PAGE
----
JEREMY FAUST: Well, one thing that I think-- I don't want to leave aside is the notion that there might be evidence on one of the vaccines that's in a phase III trial before election day. I cosigned a letter to Pfizer, which is one of the leading companies towards a vaccine, that we want to make sure that they do not report any data that's too soon, because it could undermine the public trust if it turns out that the safety data has not been fully reported. We expect these vaccines to do well, or at least on the safety side, because if there is a safety problem, they tend to get stopped immediately.
But we do not want pressure to be mounted on any company to push results out too soon because they will not have been vetted. So I agree, I think that we're-- we're closer than we ever thought we'd be, and I think it's wonderful, and I'm optimistic. But I worry that there could be a political pressure that it could come out too soon.
In terms of the winter months, look, this is a scary moment. We do not know what this virus wants to do next or what it will do next based-- based on our behaviors, based on cold and flu season. In Australia and New Zealand, they didn't have much of a cold and flu season this year because they did such a good job of public health and suppressing cases and doing all the things that we need to do.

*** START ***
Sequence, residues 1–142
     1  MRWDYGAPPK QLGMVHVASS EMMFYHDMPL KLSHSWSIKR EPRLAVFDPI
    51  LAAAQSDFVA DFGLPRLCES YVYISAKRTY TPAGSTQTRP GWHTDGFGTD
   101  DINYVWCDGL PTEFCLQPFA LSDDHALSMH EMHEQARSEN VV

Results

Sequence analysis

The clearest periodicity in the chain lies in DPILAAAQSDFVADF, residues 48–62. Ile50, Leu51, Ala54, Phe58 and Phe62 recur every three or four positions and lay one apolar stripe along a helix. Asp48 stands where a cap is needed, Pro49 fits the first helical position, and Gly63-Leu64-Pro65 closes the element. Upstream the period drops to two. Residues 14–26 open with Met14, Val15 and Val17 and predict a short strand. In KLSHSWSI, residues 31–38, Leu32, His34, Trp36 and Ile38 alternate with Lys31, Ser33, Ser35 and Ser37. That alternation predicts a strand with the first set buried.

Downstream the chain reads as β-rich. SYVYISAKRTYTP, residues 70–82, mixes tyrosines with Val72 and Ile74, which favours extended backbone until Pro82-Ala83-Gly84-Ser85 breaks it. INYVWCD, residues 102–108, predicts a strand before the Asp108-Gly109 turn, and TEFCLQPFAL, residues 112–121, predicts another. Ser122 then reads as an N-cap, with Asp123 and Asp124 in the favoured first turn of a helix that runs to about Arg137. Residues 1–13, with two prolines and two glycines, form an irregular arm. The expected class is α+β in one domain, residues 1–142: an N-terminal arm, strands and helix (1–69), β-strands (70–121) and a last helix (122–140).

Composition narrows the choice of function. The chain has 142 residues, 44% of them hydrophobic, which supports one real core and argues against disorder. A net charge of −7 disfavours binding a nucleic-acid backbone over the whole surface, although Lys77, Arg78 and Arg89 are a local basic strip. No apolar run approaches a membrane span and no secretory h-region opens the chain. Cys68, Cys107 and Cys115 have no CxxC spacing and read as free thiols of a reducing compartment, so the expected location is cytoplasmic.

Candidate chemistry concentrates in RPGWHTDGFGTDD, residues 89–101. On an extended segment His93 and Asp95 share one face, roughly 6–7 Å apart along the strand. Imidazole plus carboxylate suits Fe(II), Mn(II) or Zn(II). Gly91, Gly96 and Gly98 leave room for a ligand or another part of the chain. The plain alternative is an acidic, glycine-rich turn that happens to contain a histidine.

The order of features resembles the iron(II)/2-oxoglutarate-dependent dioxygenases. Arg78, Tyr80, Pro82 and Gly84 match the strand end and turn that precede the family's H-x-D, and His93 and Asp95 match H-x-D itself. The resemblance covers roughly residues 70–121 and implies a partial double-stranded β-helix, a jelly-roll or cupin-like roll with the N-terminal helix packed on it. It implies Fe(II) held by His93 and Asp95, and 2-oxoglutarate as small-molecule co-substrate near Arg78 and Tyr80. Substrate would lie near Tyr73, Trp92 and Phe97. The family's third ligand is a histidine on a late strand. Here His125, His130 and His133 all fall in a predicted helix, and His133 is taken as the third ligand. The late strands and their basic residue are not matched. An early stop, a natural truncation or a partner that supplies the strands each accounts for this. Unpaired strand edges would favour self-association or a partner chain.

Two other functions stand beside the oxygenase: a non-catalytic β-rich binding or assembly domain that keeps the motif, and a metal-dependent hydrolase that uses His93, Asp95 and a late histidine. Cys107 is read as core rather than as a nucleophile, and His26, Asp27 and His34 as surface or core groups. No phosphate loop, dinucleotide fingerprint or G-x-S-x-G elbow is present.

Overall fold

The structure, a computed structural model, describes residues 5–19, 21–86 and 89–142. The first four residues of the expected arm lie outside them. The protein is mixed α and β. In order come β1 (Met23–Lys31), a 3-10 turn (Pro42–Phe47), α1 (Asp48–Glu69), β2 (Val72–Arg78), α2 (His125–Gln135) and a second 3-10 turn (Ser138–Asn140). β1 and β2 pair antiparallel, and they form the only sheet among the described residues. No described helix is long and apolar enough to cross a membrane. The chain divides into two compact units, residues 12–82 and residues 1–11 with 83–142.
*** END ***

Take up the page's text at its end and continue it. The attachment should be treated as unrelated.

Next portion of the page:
So maybe we could take a page out of their book and not have what everyone's been calling twin influenza, coronavirus and flu at the same time. Or it could be a worst-case scenario, and we could be looking down-- looking down the barrel here and seeing something like 1918, where the worst happened in November. If that were to be the case, then the kinds of numbers we've seen so far would be, unfortunately, a preamble. I'm not saying that's going to happen, but it's certainly a possibility, and we have to stay vigilant.
ZACK GUZMAN: Yeah, I mean, we're seeing similar fears play out here in New York. As I said, the positivity rate tripling over just the last couple days. We're hearing calls from the governor here to stay vigilant as well, and people trying to wear their masks again. But Dr. Faust, always love having you on. I know you're very busy, but appreciate you taking the time.
JEREMY FAUST: Thanks for having me back on.